Tuesday, June 21, 2005

To Create or Not To Create...

I am, once again, guilty of failing to blog as often as I would like. Actually, I did do some blogging this weekend, but it was all on my other blogs. I often neglect my Welsh blog, so I posted something there; and both the YA blogs were calling my name. But despite the writing-related blogging, some other creativity-related issues have been nagging at me. Fearing that this line of inquiry would be too much of a downer for the writing blogs, I saved it for aquafortis, which leaves very little territory uncharted. I prefer to post more encouraging things on the writing blogs, like conference musings or book reviews. Benign, happy thoughts.

Anyway, I can't seem to help coming back to a sort of perfectionism issue that I've always struggled with to some degree, both in my visual art and in my writing. I know (firsthand, and not in a good way) how difficult it is to even make a living in a creative career, let alone enjoy more visible forms of success. I see examples of work by successful or no-doubt-soon-to-be-successful writers and artists, and I feel left in the dust. It makes me unbearably depressed about my own work. I decided to take a closer look at this, and I realized that it's because it seems very apparent that in order to succeed in a creative profession you have to be exceptionally good at what you do. The assumption in my head--the thing the evil little voices keep telling me--is that if I can't come up with exceptional work that measures up to or surpasses the successful work I see around me, then I might as well not even bother. It's not worth trying, because my work won't ever be that good. And I'm not satisfied with the idea of my work merely being passable or mediocre.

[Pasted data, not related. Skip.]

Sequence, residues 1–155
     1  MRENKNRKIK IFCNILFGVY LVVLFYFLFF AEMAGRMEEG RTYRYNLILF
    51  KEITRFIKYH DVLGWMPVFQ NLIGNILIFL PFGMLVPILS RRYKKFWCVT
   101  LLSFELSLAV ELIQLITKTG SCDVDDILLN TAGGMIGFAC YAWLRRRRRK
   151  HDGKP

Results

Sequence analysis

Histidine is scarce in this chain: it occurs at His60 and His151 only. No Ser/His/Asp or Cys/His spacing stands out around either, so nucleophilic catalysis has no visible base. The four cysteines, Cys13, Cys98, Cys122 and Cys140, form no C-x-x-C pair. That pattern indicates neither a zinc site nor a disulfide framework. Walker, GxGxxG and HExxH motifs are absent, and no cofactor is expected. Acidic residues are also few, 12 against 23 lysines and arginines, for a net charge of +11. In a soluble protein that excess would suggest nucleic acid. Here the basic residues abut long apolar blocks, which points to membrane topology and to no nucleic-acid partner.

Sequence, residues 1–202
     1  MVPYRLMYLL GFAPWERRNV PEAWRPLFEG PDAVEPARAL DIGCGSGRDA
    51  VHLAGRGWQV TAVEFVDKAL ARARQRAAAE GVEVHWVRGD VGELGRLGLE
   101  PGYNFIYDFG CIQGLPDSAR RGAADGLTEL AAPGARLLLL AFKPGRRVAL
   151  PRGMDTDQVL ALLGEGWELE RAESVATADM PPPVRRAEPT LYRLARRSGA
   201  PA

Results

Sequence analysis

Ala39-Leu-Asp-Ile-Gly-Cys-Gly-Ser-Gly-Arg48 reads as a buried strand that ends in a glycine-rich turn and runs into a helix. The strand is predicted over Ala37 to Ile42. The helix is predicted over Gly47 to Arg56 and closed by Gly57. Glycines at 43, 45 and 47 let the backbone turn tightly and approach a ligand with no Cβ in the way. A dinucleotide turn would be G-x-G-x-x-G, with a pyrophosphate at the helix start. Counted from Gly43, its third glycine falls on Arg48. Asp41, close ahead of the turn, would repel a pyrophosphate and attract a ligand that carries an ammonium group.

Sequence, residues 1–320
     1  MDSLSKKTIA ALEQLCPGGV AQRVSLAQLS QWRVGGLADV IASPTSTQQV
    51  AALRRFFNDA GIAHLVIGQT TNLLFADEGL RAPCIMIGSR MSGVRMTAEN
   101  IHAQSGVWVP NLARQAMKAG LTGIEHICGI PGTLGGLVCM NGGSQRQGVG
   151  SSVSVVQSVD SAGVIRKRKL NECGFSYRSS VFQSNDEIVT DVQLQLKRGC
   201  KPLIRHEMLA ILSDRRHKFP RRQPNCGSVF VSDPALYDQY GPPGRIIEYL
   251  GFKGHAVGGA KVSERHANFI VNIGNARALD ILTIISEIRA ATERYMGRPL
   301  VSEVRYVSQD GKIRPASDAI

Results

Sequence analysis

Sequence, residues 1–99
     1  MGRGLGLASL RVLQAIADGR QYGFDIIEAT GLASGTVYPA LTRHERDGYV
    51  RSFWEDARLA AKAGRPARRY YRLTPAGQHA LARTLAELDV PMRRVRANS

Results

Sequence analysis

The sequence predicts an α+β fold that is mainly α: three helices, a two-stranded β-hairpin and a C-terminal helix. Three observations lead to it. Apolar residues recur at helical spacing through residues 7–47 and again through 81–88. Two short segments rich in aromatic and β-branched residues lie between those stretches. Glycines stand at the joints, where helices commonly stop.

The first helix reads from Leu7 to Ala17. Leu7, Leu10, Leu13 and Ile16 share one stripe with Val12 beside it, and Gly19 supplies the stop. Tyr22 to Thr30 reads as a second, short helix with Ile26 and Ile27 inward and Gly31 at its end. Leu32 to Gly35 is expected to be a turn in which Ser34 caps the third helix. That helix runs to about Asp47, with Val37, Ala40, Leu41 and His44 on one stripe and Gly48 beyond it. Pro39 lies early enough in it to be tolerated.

So I suppose what it comes down to is fear of, and inability to accept, mediocrity. The other thing that's hard for me to accept is that improvement takes time if you're not some kind of prodigy. (To quote Homer Simpson, "30 seconds? But I want it now!") I don't like putting huge amounts of hours into a large project that is ultimately useless because it's "practice." This is a bad thing not to like if you're a creative person. But I am truly, in my soul, appalled at the idea of, say, writing a novel and having it be a "practice novel." Who wants to write a practice novel?

Anyway, I think I'm done ranting about all that now. This was brought on because over the past few days I encountered two examples of creative work--in media I normally enjoy using--done in a far more talented and polished manner than I could ever hope to achieve in a lifetime of practice. This does not bother me when I'm in, like, a museum, or reading my latest choice of library book. But somehow when it encroaches on the everyday world, I am crushed. I contemplate quitting forever and pursuing a more practical career like my dad always told me to.

But then again, who wants to base their life around doing what their parents tell them to?

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